Photo via Wikimedia Commons
U.S. Secretary of Education Betsy Devos speaks at the 2018 Conservative Political Action Conference on Thursday, Feb. 22, 2018. The public comment period to Devos’s proposed changes ended on Wednesday, Jan. 30.

Department of Education Secretary Betsy DeVos announced proposed changes to the way college campuses are required to handle sexual assault on Thursday, Nov. 29, 2018. The Department of Education allowed a two-month long public comment period, which ended on Wednesday, Jan. 30 at 5:00 p.m.

The public comment period allowed students, university administrators, Title IX officers and others to report their thoughts on the effects of the proposed changes.

Proposed changes to the federal Title IX policy would mean Title IX offices on college campuses are not required to investigate any student-to-student incidents reported to have taken place in off-campus areas — including student apartments, Greek organization facilities and abroad programs.

In addition to the areas of jurisdiction potentially changing, the proposed changes would also change the mandated reporting process. As of now, university employees — including but not limited to resident advisors, coaches and student employees — are required to report any incidents of sexual assault they have knowledge of. The proposed changes would change, and only require Title IX officers to file reports if they have knowledge of an incident.

Other proposed changes require live hearings, which Director of Title IX and ADA Maria Doucettperry fears will deter students from utilizing Title IX services.

“The proposed rules require all Title IX sexual harassment proceedings at institutions of higher education to include a live hearing at which the parties, through their advisors, are entitled to cross-examine the other party and any witnesses,” Doucettperry said.  “I don’t believe that this requirement is appropriate within an academic setting. These procedures mimic legal proceedings without any of the safety nets customarily found in a legal environment. The University of Nevada, Reno is not equipped to be and does not wish to be, a judicial body.   I believe this requirement will have a number of adverse effects to include deterring students from pursuing sexual harassment complaints and requiring unequal treatment of campus community members based on the type of misconduct alleged.”

Doucettperry also expressed concern regarding a new proposed regulation requiring the Title IX Office to dismiss complaints not amounting to sexual harassment.

“Additionally, the proposed rules state that in cases where the complaint alleges conduct that does not amount to sexual harassment as defined in the regulations, or the alleged conduct took place outside of the institution’s program or activity, the institution ‘must dismiss that complaint,’ (emphasis added),” Doucettperry said in an email to the Nevada Sagebrush. “This requirement seems to definitively deny a remedy notwithstanding the fact that otherwise actionable conduct that might even be defined in other governing laws, such as dating violence under Cleary, has occurred. This is concerning for the University in that this proposed rule seems to require us to ignore the needs of our community.”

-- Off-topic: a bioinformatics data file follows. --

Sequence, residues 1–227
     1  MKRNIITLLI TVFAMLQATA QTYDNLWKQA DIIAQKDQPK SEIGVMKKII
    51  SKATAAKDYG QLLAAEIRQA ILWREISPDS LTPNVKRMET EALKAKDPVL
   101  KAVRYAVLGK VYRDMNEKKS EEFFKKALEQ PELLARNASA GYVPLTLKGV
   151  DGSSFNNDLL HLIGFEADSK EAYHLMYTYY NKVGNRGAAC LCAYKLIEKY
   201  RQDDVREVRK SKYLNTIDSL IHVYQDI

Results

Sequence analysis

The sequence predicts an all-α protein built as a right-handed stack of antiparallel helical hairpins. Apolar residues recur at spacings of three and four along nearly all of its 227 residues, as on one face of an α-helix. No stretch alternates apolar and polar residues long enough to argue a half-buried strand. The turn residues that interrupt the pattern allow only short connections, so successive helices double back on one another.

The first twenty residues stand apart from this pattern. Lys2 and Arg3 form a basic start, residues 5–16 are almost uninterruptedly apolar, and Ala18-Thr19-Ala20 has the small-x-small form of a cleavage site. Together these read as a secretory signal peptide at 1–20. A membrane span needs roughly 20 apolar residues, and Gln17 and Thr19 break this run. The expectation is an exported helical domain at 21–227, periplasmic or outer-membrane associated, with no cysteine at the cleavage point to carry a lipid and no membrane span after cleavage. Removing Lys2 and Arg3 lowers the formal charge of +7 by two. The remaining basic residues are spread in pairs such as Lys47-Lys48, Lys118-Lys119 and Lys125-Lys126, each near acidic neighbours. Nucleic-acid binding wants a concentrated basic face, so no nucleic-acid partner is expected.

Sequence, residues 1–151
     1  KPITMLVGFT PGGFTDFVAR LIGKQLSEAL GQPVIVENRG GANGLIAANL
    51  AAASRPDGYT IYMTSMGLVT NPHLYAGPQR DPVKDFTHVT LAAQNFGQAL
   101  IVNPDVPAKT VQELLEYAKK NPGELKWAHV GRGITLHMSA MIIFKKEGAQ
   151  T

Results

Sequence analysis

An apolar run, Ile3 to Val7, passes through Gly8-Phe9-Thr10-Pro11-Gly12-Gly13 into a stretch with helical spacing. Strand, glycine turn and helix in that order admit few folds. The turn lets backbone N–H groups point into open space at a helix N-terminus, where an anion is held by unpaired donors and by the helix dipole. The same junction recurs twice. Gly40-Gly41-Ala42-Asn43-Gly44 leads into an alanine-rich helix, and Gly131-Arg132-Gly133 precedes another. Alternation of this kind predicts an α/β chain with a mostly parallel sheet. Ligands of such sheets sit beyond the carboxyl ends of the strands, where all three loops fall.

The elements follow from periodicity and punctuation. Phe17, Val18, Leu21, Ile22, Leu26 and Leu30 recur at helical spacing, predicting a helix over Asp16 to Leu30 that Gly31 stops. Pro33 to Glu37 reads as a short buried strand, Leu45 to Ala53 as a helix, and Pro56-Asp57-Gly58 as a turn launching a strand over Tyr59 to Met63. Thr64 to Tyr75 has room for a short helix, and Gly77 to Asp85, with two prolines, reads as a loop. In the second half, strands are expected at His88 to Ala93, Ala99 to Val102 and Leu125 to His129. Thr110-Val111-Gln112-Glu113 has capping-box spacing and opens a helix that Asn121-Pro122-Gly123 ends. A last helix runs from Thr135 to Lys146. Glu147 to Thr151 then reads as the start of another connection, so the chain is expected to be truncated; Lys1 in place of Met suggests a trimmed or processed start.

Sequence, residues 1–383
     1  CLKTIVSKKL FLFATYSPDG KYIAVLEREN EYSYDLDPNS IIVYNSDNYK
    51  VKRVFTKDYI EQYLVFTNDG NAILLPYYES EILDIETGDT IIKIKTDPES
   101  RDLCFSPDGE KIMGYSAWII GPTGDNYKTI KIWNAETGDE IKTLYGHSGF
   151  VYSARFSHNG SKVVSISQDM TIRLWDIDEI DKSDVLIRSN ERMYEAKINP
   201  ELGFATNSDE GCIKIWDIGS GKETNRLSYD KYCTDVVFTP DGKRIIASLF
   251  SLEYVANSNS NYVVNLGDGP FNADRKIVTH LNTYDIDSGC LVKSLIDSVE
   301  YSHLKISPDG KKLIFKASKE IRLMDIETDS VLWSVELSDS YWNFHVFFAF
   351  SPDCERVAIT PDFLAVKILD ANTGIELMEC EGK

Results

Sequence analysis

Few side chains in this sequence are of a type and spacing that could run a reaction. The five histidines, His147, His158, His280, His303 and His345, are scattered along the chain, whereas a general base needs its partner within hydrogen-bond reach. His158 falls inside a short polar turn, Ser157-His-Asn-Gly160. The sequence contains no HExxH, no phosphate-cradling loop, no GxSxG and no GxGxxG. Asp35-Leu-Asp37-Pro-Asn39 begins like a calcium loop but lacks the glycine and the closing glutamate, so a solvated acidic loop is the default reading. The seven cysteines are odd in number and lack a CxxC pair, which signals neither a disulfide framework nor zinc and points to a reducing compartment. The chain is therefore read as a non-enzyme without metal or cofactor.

On the university’s campus, a 2016 survey of sexual conduct and campus safety indicated 79 percent of “unwanted sexual conduct affecting our students occurs off campus,” according to Doucettperry.

While Doucettperry does see that most unwanted sexual conduct takes place off campus, she doesn’t feel this will affect student life.

“I think students are students,” Doucettperry said. “By that, I mean that I really don’t anticipate them changing their behavior or tendencies because of a regulation that limits the jurisdiction of campus authorities. If they typically attend parties and other functions off-campus, I think they will continue to do so. That said, these proposals will have some effect in that students would need to report incidents to local authorities (e.g., Reno Police Department) the University would still be able to provide resources to affected students, but would have no authority to govern are otherwise regulate the underlying conduct.”

Student and sexual assault victim Alexis Downey fears this will negatively impact students, as Title IX help students on a more personal level than law enforcement can.

“Things usually get taken care of because Title IX steps in,” Downey said. “I would almost say they’re more needed than the police in these cases for the fact that they help survivors to not have to interact with their assaulters on campus. They hold the fraternities accountable, they’ll deal with the guy next door in the dorm so you don’t have to seem him. That would 100 percent have a negative affect on students and the university as a whole.”

Project Coordinator Heather Kaminsky of Nevada Cares, a project aiming to increase education on intrapersonal violence, feels the proposed changes may require increased educational programs for groups on campus. Nevada Cares does not take individual cases or provide direct services to victims, but aims to provide preventative education on how to navigate assault when it impacts students’ lives.

“It’s not like it would change the way we operate because we have a grant through the Office on Violence Against Women where we are doing a lot more outreach and education on interpersonal violence and we do a lot more prevention,” Kaminsky said. “It would cause a need for more people to be informed of the impact of what the changes would be.”

The comments and input to the proposed Title IX changes will be legally required to provide responses in the coming months. If enacted, the changes are not expected to take effect until 2020.


Olivia Ali can be reached at or on Twitter @OliviaNAli.